When Alexa was still a baby, we would often wonder how she will be when she’ll be going to school. As a child she was very inquisitive, was into a lot of things, and had that eyes full of wonder and awe about what’s around her. As work would require me to be out of home for long periods, Alma and myself have decided to adapt to the concept of school, from the traditional four-walled classroom into the spherical world and beyond. Our daughter’s curiosity and frequent questions would often set me thinking what will she be like in the future?
In the verses before the Gospel reading this Sunday, the birth of John the Baptist has been announced by the Archangel Gabriel to Zechariah, who was performing his duties as priest in the Temple of Jerusalem. At this time, Zechariah and his wife, Elizabeth, are an old couple who have never had children. Then, six months into Elizabeth’s pregnancy, the Archangel Gabriel announced the birth of Jesus to Mary in her home in Nazareth. Mary, while being engaged to Joseph, have not yet come to live together.
When the time came for Elizabeth to give birth, her neighbors and relatives rejoiced with her because God has shown her mercy in the birth of a son. When the time came for the child to be given a name, they became confused when she tells them that his name is to be John, which means “God has been gracious.” Zechariah became mute since the time Gabriel appeared, because, unlike Mary, he doubted the angel’s word. The people are now all amazed but fearful at the same time. In the reading, everyone who heard these things took them to heart saying, “What, then, will this child be?” Taking them to heart means, “meditating in your heart”, unlike when thought is being processed in your mind. When you do that, you are bringing the process of thought, prayer, and applied consideration into your heart.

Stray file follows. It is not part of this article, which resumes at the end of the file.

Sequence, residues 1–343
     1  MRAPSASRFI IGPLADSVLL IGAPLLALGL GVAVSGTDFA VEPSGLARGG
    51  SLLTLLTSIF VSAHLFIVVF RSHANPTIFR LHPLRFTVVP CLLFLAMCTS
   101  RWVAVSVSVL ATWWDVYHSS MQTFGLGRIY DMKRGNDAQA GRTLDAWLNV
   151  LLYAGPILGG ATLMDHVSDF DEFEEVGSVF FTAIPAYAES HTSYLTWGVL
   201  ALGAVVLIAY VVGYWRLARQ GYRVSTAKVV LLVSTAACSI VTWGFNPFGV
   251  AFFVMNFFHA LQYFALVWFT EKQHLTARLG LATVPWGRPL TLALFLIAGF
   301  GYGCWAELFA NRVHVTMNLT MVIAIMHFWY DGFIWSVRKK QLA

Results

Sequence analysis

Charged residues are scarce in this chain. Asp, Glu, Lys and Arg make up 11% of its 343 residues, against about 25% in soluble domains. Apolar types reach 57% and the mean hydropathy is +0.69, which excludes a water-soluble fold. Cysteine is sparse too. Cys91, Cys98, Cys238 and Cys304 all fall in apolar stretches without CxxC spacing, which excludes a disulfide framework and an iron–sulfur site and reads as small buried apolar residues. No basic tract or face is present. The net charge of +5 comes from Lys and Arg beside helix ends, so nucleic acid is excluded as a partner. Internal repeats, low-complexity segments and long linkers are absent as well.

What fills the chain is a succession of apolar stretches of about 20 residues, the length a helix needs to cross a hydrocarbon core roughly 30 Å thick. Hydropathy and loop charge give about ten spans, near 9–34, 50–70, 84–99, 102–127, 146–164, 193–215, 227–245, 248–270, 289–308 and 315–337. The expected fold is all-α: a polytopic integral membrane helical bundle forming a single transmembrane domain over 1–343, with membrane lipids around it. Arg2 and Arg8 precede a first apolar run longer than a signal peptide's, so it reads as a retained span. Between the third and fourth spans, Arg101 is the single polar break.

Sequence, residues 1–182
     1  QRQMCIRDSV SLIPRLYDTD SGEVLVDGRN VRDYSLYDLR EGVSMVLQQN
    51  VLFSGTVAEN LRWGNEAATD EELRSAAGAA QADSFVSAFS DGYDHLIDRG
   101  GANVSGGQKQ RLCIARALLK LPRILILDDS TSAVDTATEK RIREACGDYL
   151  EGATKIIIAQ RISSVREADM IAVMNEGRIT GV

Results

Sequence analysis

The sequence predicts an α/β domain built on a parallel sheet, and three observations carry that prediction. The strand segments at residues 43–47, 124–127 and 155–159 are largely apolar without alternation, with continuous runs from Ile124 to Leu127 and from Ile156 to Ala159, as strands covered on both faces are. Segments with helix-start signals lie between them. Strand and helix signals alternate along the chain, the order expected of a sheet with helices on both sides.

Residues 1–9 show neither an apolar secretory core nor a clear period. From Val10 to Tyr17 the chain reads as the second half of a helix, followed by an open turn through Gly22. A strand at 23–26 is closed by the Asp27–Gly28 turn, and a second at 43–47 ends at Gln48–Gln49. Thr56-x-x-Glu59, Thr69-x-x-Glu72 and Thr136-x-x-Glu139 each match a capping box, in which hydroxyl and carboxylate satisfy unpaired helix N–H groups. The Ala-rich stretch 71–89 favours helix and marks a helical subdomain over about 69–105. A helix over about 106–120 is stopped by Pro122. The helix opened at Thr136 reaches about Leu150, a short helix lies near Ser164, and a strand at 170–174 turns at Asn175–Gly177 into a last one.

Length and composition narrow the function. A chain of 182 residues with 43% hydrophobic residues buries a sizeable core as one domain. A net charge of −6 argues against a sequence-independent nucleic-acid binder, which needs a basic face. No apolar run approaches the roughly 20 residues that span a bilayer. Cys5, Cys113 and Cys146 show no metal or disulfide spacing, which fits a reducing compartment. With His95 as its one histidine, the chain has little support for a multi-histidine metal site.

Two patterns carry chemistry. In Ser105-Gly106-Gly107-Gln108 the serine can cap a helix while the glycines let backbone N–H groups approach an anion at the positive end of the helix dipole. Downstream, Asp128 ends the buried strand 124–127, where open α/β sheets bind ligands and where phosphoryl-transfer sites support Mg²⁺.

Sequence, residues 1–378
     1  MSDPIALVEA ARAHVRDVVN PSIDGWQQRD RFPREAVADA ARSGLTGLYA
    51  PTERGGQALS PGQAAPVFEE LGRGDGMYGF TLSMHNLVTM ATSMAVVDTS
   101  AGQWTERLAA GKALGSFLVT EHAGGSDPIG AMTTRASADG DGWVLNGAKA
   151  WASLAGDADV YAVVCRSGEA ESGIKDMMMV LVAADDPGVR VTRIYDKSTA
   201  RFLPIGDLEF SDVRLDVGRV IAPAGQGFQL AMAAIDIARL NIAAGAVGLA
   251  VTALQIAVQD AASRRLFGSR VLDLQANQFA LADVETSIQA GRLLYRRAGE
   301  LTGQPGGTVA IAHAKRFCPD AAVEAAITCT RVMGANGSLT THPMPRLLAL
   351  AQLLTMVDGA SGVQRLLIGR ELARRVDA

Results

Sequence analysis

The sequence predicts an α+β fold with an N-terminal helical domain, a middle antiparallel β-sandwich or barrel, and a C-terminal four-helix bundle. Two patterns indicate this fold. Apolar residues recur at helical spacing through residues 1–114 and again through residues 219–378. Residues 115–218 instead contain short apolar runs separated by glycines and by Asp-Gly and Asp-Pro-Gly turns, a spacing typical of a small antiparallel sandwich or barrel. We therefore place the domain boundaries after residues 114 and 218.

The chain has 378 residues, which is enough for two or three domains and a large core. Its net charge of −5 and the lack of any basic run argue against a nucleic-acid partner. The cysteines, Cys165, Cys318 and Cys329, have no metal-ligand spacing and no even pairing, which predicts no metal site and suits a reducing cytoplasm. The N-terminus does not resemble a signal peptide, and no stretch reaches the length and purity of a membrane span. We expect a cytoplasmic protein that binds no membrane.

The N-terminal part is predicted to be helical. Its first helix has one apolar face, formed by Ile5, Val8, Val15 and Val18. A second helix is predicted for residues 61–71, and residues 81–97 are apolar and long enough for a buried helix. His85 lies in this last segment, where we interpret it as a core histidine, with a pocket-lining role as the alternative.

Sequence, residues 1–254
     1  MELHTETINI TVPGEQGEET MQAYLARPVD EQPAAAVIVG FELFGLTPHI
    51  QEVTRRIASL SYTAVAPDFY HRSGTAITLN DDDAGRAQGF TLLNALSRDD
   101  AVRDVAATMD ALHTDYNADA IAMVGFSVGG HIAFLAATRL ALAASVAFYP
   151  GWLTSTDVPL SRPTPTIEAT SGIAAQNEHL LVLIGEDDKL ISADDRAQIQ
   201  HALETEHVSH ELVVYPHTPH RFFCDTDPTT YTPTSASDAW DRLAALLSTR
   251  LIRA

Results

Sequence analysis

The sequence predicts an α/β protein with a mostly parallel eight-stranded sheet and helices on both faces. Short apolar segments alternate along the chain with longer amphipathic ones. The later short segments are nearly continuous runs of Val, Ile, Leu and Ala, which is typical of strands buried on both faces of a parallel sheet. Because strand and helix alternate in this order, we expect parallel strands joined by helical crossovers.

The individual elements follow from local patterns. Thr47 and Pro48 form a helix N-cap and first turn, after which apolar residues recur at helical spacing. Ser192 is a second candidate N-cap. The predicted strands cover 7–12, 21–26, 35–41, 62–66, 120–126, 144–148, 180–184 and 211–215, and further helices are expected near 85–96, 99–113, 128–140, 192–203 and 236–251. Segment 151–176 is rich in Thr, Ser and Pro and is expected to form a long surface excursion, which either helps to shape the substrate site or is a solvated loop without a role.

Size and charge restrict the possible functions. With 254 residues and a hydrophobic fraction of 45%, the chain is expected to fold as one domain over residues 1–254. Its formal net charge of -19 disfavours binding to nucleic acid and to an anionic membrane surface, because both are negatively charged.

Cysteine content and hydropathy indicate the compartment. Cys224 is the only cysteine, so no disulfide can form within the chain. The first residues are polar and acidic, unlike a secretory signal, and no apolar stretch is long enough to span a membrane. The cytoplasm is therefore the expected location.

But this question has already been answered by the angel. “He will be great in the sight of the Lord. He will turn many of the children of Israel to the Lord their God.” (v.15, 16) Today, the importance of St. John the Baptist is such because 1) His message is calling for repentance as the precursor of Jesus Christ, the Savior, 2) He is the prophet considered as the bridge between the Old and the New Testament, and 3) He is the voice of one calling in the desert. Indeed, his importance is of such magnitude that in the Catholic Church, there are only three personalities with their birthdays celebrated in the Liturgical Calendar namely, our Lord Jesus Christ, the Blessed Virgin Mary, and St. John the Baptist. (All other feast days of saints refer to the time they died.)
In perspective, do we really know what a prophet is? When people are asked, “What is a prophet?”, most will likely say “he is a person who can predict or tell what will happen in the future”. But that is not what God calls a person to be a prophet for, rather, a prophet is one who “speaks in behalf of God.”
At times in our life we are asked to speak up to our families, friends, or community about what should be the appropriate response. However, it will take more than courage to be a prophet. People demand credibility and good example before one is taken seriously. This is one that requires spiritual maturity and mental toughness. While one can be hesitant, it is a call from God that one can’t resist. It can’t just be a call by another spirit, it has to be the Spirit of God. Many prophets though try to evade the call but you can’t say ‘no’ to God. Even if you feel unworthy of the task, God will equip you for the mission at hand. Take the example of Moses, Jonah, and many others. Even some of the disciples felt unworthy but God can’t be denied.
On this Solemnity of the Birth of St. John the Baptist, let us reflect on his life which he offered unselfishly to God. Will the answer to the question asked by your parents on the day of your birth, “What, then, will this child be?”, be one that they can be proud of? May we draw inspiration to become bold and brave in proclaiming God’s message to His people.
“Since my mother’s womb, you have been my strength.” (Ps. 71: 6)